gastric cancer because it acts as a tumor suppressor gene. On the other hand, mutations on TP53
gene lead to the production of abnormal p53 protein which plays key roles in immune system
surveillance. Clinical investigations reveal that TP53 protein is either lost or damaged in 80
percent of gastric cancers. Finally, alterations in APC gene impairs cell signaling within gastric
cells (Zheng, Wang, Ajani & Xie, 2004).
At the organ level, gastric cancer causes several biological changes. Clinical studies
indicate that noncohesive tumor cells infiltrate the stomach wall. This process leads to glandular
formation that does not function as normal gastric glands. In addition, lesions occur on the
gastric wall in which diffuse tumors cause inflammation and desmoplasia (Dicken, Bigam, Cass,
Mackey, Joy & Hamilton, 2005). Moreover, notch signaling in gastric tumorigenesis appears
specific for gastric cancer (Kim & Shivdasani, 2011).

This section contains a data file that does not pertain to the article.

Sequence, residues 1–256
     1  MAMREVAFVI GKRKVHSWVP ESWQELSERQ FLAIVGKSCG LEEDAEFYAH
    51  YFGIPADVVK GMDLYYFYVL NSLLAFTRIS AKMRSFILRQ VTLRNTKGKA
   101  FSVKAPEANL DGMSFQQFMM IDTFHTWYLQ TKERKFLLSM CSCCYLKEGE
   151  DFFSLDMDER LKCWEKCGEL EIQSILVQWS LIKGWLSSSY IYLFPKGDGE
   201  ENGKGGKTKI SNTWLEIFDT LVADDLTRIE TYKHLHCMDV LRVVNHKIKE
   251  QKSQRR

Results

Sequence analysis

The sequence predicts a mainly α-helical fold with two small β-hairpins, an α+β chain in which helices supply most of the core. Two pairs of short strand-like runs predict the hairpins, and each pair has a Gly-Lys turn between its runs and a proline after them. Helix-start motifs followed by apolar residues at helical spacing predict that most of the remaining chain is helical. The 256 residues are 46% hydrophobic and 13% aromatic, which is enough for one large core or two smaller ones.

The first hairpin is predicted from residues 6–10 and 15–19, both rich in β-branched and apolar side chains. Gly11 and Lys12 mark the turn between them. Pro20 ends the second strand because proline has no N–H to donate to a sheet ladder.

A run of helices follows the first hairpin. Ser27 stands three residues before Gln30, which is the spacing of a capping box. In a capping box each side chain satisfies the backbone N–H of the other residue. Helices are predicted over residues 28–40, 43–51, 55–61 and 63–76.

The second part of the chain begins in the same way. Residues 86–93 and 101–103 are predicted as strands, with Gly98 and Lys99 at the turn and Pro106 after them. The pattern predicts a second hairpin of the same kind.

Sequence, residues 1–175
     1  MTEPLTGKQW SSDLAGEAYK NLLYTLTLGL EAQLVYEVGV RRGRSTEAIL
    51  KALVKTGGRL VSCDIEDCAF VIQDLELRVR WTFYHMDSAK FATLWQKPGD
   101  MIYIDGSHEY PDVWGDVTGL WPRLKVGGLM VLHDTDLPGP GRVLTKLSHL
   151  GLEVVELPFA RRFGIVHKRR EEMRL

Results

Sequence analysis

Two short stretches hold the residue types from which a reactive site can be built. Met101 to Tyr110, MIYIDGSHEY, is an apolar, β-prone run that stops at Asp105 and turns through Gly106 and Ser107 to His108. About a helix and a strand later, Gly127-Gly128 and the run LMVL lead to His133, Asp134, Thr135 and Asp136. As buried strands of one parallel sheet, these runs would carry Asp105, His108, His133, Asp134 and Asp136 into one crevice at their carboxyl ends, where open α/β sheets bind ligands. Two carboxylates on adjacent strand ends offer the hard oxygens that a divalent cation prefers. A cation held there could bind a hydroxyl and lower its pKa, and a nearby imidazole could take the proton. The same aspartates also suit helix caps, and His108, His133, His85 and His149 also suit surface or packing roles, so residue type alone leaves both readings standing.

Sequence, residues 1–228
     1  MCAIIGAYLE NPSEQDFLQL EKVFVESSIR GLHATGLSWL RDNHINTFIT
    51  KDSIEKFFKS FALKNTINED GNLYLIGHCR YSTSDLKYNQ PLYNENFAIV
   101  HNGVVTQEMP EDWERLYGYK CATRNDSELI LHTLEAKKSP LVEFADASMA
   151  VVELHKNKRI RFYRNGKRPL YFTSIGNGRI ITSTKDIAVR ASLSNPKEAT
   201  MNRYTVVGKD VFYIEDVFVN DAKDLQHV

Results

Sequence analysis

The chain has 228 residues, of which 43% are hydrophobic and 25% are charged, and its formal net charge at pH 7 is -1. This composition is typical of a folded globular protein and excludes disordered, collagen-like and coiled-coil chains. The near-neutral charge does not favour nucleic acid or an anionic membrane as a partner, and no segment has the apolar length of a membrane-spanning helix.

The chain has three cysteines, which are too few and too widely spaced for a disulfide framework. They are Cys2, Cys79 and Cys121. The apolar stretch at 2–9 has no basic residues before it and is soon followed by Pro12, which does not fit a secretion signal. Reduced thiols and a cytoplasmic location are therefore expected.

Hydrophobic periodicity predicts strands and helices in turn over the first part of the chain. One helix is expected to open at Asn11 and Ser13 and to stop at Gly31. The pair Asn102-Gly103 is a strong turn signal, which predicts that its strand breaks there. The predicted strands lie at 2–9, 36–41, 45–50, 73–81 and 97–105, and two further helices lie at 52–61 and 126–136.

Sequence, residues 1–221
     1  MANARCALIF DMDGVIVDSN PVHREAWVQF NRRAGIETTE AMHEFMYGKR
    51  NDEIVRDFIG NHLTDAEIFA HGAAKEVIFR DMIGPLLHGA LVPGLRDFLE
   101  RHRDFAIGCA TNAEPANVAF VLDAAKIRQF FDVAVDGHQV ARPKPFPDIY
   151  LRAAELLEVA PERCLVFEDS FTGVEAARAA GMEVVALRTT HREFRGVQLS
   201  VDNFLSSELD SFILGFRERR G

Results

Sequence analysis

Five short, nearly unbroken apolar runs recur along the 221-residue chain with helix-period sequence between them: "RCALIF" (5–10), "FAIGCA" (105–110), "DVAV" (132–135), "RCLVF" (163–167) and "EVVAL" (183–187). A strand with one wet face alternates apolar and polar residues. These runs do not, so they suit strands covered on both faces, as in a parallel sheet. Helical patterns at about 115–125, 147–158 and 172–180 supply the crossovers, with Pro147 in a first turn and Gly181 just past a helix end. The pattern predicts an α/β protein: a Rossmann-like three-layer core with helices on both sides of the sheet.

5
DistinctiveCharacteristicsofCancerCells
In practice, the appearance of tissues and organs is determined by the types and
arrangement of cells that constitute specific tissues or organs. Cancer is usually identified on the
basis of the normal appearance of tissues. Therefore, the distinction between characteristics of
cancer cells and normal cells is paramount in pathological investigations of cancer. From a
pathological perspective, a comprehensive distinction can be guided by three core features; shape
and size of the cells, nucleus appearance and the arrangement of cells in tissues. Ordinarily,
normal cells exhibit consistency in the size and shape. In contrast, cancer cells lack consistency,